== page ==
Consumers are set to continue spending despite economic uncertainty over Brexit but could begin to tighten the purse strings over the next two years, according to a new report.
The EY Item Club forecasts for 2019 predict UK consumer spending growth of 1.6% in 2019, below 1.8% last year.
It continues a trend of slower spending growth, at half the rate of 2016’s 3.2% rise.
But the estimates put consumer spending ahead of economic growth as a whole, with gross domestic product (GDP) forecast to grow by 1.3% this year.
Howard Archer, chief economic adviser to the EY Item Club, said: “The improvement in purchasing power has meant that consumers have been significantly less affected in their spending decisions than businesses by uncertainties over the economy and Brexit.”
He added: “However, we suspect earnings growth peaked in early 2019 and is likely to remain modestly below this level over the rest of 2019 and possibly beyond.
“We believe labour market strength will increasingly fray over the coming months as companies tailor their behaviour to a lacklustre domestic economy, prolonged Brexit uncertainties, an unsettled domestic political situation and a challenging global environment.”
Weak levels of inflation will prop up spending power, as households see smaller price rises compared with the last few years.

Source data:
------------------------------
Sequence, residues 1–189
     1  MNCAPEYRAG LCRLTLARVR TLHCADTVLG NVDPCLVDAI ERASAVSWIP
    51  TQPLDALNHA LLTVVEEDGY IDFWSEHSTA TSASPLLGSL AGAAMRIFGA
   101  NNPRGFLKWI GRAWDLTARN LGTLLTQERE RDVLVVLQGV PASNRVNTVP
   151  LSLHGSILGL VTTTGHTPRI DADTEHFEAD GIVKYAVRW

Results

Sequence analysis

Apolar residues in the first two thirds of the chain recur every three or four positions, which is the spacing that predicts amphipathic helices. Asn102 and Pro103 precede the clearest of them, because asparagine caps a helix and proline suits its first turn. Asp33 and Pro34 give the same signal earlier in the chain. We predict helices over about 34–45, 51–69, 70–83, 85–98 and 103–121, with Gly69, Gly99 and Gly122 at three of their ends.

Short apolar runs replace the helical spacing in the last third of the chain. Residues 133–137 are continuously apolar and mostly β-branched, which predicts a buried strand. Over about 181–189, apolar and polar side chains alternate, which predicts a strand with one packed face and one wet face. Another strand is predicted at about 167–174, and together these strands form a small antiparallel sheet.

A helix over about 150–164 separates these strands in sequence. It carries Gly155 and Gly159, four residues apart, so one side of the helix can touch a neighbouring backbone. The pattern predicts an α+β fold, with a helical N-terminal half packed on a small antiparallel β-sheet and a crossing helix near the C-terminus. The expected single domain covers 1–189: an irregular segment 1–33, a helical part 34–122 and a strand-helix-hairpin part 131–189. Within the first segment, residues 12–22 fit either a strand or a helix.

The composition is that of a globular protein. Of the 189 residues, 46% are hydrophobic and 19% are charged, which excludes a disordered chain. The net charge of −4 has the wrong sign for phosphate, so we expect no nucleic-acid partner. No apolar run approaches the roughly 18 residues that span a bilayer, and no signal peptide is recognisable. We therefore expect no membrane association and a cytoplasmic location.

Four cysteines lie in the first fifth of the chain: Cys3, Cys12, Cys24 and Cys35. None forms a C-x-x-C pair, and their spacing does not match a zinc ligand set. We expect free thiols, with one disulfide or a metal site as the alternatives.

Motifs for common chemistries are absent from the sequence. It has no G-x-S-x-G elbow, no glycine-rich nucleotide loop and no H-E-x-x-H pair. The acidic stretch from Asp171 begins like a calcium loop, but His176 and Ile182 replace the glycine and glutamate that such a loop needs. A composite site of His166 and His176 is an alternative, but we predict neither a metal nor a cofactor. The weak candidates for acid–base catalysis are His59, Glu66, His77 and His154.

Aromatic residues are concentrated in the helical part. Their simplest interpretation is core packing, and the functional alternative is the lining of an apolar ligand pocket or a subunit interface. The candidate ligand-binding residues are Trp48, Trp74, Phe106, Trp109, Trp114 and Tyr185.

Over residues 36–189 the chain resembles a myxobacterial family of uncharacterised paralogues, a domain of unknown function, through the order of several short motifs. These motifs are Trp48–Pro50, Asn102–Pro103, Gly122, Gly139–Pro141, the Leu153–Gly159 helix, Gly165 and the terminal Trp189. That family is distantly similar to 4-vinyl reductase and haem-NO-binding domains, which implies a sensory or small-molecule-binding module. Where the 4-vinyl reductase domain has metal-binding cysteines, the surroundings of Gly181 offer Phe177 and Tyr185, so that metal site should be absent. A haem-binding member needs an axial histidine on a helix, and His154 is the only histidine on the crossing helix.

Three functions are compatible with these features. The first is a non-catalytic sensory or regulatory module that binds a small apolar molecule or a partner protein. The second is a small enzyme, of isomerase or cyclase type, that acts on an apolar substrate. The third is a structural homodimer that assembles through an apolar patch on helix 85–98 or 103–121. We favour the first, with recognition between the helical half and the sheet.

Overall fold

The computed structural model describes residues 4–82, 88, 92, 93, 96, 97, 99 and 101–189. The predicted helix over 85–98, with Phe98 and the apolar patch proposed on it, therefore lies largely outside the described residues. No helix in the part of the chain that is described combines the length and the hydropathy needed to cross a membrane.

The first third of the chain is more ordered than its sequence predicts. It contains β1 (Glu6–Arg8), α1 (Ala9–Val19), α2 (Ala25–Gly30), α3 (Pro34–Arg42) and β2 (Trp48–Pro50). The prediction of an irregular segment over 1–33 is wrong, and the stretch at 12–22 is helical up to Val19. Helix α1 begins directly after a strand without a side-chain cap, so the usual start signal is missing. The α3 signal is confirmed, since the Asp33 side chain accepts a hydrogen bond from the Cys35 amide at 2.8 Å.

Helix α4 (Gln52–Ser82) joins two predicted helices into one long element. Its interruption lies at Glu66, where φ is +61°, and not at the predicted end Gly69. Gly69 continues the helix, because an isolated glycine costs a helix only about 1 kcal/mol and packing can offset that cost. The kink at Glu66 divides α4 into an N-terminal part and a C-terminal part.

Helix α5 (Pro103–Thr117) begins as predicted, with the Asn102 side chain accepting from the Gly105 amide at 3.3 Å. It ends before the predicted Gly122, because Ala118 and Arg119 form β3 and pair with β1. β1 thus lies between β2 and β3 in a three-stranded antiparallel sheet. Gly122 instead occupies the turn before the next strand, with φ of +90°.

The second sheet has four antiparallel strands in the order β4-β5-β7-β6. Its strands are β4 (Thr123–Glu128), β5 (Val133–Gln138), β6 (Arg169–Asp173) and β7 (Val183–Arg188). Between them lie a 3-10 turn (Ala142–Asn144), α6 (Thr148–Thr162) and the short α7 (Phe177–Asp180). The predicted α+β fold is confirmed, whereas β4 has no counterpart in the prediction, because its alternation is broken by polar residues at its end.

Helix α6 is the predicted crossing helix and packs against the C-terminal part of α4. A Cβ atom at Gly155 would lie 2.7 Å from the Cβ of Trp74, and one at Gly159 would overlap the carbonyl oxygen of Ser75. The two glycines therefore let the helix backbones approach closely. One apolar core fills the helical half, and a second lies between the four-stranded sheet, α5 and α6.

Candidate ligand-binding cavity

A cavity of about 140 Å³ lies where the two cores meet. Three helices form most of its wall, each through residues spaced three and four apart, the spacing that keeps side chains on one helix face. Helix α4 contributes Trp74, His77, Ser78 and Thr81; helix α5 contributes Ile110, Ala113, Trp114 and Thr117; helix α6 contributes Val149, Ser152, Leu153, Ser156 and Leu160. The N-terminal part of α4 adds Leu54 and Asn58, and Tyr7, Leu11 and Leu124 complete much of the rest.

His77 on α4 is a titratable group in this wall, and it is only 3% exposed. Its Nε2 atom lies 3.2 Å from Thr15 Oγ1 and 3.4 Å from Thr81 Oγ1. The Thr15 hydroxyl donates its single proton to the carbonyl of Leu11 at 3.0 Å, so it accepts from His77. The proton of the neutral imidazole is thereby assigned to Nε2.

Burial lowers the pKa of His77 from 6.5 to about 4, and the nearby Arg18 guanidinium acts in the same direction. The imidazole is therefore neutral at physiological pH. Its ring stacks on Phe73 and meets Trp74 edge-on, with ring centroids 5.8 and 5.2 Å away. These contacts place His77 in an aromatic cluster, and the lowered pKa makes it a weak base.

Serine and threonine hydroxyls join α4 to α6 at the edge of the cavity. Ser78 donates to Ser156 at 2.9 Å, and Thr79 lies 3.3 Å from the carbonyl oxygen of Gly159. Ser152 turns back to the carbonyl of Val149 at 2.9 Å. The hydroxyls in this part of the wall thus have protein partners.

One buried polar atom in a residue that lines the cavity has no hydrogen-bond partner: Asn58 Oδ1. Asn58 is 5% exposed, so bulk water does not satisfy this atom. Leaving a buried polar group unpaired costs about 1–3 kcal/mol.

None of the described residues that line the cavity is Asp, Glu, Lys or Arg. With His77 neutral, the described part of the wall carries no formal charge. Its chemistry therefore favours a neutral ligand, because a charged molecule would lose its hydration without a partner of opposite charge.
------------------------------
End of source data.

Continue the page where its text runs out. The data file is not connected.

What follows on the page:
In May, the Consumer Prices Index (CPI) rate of inflation hit 2%, the level at which EY Item Club expects it to stay for the remainder of the year.
It could even hit a low of 1.7% in August, according to forecasts.
This will put less pressure on household finances, despite an expected peak in earnings growth.
But those in the so-called “squeezed middle” are likely to fare worse in the near future.
Mr Archer said: “Workers at either end of the income distribution should fare best over the next few years.
“Lower earners will see their spending power boosted by increases to the National Living Wage (NLW), a higher personal allowance income tax threshold and lower inflation in the food, petrol and energy categories.
“While those at the upper end will benefit from skills shortages which is likely to push up wages. The middle will remain squeezed, earning too much to benefit from the NLW, losing support from over-indexation of tax thresholds, and automation subduing their wages.”